Japan in Focus
By Georgia Shipley
24 October 2019
With the Japanese Rugby World Cup and Joanna Lumley bursting onto our television screens recently, we’ve been lapping up all things Japan.Read more
Nara was the capital of Japan from 710 to 784 AD, which meant that it expanded quickly as an ancient city. Whilst its centre-stage role in Japanese history was short-lived, it was still home to a number of significant sites and monuments that are culturally important and remain major tourist attractions today.
These include Nara Park, also known as Deer Park for the large number of tame deer that roam around it. Originally believed to be messengers of the gods, the deer were seen as sacred, and killing one of these deer was a capital offence punishable by death until relatively recently. Today they still enjoy the full protection and status of a national treasure. As well as being a vast expanse of beautiful parkland, Nara Park is home to Todai-ji Temple, a Buddhist building founded in the first half of the 8th century. The ornate structure is noteworthy for being the largest wooden building in the world, and for having the world's largest bronze Buddha statue. The Buddha weighs 500 tons and is 49 feet (15 metres) tall - its ears are just over 8 feet (2.4 metres) long!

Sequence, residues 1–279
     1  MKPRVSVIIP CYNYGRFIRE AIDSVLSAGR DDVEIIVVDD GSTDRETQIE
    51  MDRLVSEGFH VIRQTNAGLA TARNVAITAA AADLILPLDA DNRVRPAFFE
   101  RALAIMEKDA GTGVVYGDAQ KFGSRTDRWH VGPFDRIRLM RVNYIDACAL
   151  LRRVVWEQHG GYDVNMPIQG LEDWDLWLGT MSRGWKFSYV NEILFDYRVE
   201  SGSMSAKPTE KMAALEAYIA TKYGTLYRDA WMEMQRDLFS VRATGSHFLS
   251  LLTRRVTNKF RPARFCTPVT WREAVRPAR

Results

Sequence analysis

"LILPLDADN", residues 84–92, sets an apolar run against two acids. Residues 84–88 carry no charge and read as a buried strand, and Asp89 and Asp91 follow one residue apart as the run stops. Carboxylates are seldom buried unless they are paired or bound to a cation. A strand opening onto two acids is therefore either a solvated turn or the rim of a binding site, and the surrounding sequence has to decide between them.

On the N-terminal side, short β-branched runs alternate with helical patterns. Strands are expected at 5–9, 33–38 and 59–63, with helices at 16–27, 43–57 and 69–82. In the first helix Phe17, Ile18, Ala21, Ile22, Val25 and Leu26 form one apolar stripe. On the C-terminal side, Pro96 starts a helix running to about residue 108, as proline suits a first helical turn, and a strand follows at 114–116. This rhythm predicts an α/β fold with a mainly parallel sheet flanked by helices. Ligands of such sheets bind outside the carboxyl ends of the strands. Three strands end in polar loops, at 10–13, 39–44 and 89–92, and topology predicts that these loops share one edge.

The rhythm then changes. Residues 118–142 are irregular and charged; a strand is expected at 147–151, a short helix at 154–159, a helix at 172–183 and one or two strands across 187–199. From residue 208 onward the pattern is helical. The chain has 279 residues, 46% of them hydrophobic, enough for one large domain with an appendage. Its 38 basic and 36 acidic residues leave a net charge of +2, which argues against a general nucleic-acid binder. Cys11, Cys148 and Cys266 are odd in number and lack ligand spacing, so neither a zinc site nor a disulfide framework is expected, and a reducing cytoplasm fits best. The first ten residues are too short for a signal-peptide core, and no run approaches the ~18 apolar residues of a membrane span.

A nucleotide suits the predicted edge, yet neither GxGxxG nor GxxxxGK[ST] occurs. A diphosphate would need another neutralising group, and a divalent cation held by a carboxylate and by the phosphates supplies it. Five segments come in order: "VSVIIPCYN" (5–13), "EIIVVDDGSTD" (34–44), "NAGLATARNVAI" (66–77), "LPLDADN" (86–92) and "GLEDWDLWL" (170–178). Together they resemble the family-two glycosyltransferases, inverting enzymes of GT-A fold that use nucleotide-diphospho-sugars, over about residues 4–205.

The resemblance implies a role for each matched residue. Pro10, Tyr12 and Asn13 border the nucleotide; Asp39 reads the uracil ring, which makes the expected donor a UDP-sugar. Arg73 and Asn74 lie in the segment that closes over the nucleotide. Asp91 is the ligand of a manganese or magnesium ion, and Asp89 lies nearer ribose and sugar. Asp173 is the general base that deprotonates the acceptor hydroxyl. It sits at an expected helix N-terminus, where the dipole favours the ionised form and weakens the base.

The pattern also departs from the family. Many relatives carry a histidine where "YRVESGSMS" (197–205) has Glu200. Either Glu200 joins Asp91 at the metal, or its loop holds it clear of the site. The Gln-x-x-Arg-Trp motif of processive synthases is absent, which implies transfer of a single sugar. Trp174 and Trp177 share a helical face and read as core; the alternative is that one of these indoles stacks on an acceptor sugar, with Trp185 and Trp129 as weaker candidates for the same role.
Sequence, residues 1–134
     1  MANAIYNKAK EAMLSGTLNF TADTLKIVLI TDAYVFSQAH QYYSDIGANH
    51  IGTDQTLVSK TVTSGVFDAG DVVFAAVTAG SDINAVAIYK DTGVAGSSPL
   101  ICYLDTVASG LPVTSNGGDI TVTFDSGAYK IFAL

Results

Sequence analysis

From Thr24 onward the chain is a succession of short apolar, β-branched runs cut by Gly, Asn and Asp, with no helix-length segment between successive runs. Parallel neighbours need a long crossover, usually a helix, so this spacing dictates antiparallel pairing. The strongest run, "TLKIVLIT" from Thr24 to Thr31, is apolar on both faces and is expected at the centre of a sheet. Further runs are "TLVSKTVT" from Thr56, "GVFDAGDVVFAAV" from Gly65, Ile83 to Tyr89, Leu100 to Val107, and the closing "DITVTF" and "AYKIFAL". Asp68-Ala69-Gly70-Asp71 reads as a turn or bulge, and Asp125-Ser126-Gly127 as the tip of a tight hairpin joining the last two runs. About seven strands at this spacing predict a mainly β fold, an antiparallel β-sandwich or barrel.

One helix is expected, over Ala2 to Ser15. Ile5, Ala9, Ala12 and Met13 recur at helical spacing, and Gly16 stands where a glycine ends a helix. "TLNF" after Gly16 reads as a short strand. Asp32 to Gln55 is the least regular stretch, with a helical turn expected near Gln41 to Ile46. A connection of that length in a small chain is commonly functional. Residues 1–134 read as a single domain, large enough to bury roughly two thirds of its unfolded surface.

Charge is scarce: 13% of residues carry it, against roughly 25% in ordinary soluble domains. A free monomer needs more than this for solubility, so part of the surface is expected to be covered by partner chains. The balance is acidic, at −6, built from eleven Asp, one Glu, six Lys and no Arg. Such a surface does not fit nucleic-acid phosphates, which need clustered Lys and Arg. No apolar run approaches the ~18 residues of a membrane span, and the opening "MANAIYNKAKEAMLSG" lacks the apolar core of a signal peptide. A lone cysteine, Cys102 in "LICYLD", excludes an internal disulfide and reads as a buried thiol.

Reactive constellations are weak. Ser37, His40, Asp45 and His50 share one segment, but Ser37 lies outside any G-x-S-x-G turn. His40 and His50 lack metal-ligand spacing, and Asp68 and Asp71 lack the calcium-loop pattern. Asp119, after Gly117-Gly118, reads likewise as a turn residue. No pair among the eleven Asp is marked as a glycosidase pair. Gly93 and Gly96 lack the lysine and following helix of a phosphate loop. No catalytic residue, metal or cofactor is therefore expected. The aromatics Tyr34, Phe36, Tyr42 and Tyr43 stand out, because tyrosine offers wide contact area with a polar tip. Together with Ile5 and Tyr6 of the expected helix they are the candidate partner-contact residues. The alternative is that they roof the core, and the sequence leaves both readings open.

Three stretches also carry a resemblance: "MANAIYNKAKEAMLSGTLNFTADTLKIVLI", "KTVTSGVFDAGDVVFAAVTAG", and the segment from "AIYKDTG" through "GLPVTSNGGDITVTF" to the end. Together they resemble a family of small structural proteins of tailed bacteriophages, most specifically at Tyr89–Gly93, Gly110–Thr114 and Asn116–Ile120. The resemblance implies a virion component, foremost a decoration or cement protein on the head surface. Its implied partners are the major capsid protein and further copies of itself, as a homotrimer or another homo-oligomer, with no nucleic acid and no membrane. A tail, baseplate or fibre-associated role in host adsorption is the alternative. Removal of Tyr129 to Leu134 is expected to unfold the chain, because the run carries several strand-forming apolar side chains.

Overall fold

The Kasuga Shrine is part of the same UNESCO World Heritage site, and is of a similar age, having been founded in 768. This is a huge complex, with a number of different buildings. The Shinto shrine is known for its ornate stone lanterns on the steps leading up to the main entrance, and the interior of the central shrine features many lavish golden statues.